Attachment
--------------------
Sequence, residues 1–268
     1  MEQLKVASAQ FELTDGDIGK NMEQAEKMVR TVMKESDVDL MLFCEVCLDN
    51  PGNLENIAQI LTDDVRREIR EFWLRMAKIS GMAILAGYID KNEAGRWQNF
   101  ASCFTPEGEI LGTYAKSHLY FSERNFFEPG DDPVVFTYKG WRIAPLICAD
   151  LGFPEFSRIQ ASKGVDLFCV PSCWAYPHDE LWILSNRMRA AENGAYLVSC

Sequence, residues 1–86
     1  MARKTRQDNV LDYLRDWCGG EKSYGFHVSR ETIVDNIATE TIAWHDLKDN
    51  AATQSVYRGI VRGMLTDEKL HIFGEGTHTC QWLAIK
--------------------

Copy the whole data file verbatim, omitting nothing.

Sequence, residues 1–268
     1  MEQLKVASAQ FELTDGDIGK NMEQAEKMVR TVMKESDVDL MLFCEVCLDN
    51  PGNLENIAQI LTDDVRREIR EFWLRMAKIS GMAILAGYID KNEAGRWQNF
   101  ASCFTPEGEI LGTYAKSHLY FSERNFFEPG DDPVVFTYKG WRIAPLICAD
   151  LGFPEFSRIQ ASKGVDLFCV PSCWAYPHDE LWILSNRMRA AENGAYLVSC

Sequence, residues 1–86
     1  MARKTRQDNV LDYLRDWCGG EKSYGFHVSR ETIVDNIATE TIAWHDLKDN
    51  AATQSVYRGI VRGMLTDEKL HIFGEGTHTC QWLAIK